Elite sections of the bar are financially exclusive - that’s why the higher courts appoint too few lawyers who went to state school.

The social, gender and racial makeup at the top of the judiciary budges little year on year. While there is improved diversity at tribunal and county court levels, there is no ‘trickle-up’ effect. The Judicial Appointments Commission’s diversity data, published today shows that.

Eduardo Reyes coutout

Eduardo Reyes

The gulf between circuit judges appointed who were state-educated and the figure for the high court is more than 20%. That’s 68% of circuit judge appointments and 47% for the high court.

What proportion of the general population are privately educated? That would be 5%.

The stereotype of the High Court, Court of Appeal and Supreme Court containing a massive over-representation of Oxford and Cambridge graduates still holds true.

But the bench in none of these courts manages to do as well as Oxbridge on diversity. If they reflected Cambridge colleges, 62% of these elite judges would be state educated, more than half would be women and the vast majority would be solicitors.

We could blame class prejudice - a parlour games the British are keen on. But handwringing over sounding or seeming too posh and wearing funny costumes, thereby apparently putting off easily-cowed state school kids is a misdiagnosis.

This is about money, not class.

The financial gamble required to succeed in the elite sections of the bar, from which the vast majority of our most senior judges are drawn, is simply too high. It starts with a £30,000 bet that you might secure pupillage, and continues with the need to run a five-figure overdraft as you get established.

For most, the bet won’t pay off. If you don’t come from or have money, you likely don’t make the bet – ex-state school kids are on the whole less well off, not more stupid. They can do the maths on this one.

We often discuss alternative routes to the bench – academia, law firms – and these have the potential to grow. But the raw economics of the bar will continue to matter most because its best sets are undoubtedly a very, very good preparation for the higher levels of the judiciary.

If you have the wherewithal to weather the lean years.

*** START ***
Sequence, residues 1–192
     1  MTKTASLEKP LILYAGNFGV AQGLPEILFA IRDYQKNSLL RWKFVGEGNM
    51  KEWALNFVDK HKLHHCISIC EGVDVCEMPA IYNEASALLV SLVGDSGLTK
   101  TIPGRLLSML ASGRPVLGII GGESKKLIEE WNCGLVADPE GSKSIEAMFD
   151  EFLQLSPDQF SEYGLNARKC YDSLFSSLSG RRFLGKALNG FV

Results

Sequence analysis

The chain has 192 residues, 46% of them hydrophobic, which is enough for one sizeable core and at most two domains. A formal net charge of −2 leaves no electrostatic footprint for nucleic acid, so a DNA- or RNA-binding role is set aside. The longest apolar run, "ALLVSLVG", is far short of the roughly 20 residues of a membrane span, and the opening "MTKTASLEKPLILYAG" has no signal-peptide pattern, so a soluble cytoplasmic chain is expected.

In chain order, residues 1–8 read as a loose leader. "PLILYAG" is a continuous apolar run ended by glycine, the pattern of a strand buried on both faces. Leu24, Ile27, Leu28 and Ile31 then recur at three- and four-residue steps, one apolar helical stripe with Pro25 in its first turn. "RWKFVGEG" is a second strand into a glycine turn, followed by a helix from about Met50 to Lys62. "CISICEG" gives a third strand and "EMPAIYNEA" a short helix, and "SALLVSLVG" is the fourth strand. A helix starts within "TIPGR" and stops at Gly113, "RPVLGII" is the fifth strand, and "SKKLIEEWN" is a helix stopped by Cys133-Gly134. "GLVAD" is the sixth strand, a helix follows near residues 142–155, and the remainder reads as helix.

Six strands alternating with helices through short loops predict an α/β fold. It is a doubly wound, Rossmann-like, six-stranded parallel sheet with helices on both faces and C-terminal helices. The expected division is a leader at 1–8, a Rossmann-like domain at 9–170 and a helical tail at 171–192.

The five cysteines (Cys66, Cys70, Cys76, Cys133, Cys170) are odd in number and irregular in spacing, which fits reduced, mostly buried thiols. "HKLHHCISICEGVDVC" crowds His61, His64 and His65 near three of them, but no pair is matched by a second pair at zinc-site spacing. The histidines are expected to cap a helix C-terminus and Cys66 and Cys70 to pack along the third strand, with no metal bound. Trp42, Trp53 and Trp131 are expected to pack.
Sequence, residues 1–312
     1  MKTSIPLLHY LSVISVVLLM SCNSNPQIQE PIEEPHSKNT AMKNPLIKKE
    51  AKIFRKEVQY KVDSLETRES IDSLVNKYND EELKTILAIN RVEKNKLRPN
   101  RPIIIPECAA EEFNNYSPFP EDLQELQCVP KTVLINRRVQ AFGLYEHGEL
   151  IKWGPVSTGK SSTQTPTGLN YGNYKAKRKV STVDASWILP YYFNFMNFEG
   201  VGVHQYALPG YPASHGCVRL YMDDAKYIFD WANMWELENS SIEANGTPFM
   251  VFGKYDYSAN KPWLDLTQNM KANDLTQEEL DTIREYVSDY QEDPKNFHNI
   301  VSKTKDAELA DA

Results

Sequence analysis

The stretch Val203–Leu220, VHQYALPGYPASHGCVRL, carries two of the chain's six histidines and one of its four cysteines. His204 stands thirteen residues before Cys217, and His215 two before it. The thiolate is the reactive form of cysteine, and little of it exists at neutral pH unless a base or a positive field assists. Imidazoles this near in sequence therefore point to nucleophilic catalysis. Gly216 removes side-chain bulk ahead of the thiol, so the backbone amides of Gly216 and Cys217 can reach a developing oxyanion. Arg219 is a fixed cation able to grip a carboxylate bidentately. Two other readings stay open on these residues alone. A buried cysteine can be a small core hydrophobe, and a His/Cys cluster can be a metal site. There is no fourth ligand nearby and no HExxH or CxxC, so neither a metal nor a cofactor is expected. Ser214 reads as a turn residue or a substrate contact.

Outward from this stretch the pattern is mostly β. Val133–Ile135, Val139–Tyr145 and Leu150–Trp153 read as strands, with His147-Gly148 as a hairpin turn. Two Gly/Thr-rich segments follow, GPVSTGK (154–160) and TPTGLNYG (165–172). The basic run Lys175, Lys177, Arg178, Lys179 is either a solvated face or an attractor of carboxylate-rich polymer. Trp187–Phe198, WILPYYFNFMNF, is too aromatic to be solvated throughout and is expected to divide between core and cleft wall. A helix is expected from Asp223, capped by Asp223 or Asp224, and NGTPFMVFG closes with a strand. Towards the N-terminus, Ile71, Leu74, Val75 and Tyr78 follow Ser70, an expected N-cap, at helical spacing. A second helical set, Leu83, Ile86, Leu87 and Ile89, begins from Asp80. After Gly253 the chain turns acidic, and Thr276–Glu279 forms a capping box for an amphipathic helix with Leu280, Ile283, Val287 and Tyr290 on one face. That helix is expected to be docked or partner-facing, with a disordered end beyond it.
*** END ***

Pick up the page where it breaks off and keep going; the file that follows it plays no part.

There is a challenge in this for the solicitors profession too. Whereas barristers continue to do ever more complex and high-level advocacy and advice as their practice develops, in equivalent elite law firms, promotion commonly brings a move away from that continuing development – senior associates do the actual law, with partners in a great many cases taking on ever more business development and management responsibilities.

I question whether that tendency produces solicitors who are as ‘bench-ready’.

I can see why the debate on social mobility and diversity gets side-tracked by discussions on class and class prejudice.

In certain circles of the law there is an absolute assumption that if you are in the same room and went to certain universities, then you of course went to a fee-paying school and you send your children to one. Presumably, they think the Grange Hill theme tune would be playing if someone from a comprehensive had just walked in.

I didn’t, and my children don’t. Sometimes I can be bothered to tell them, and sometimes I can’t. My clever, eloquent eldest daughter is the same. 

It’s mildly irritating, but to be fair to these people, it’s an assumption that, as the figures show, they are all too commonly safe in making. 

I don’t, though, worry most about our senior judiciary and the legal profession’s glittering prizes being socially exclusive. In reality, the ‘cattle-grid’ by the entrance gate is financial exclusivity – in the main holding pen for the higher courts, you had to pay to play.

If the journey to the bench were all about merit, then the makeup of the bench would be at least as good as a forward-looking Oxford or Cambridge college. Instead, it is substantially worse.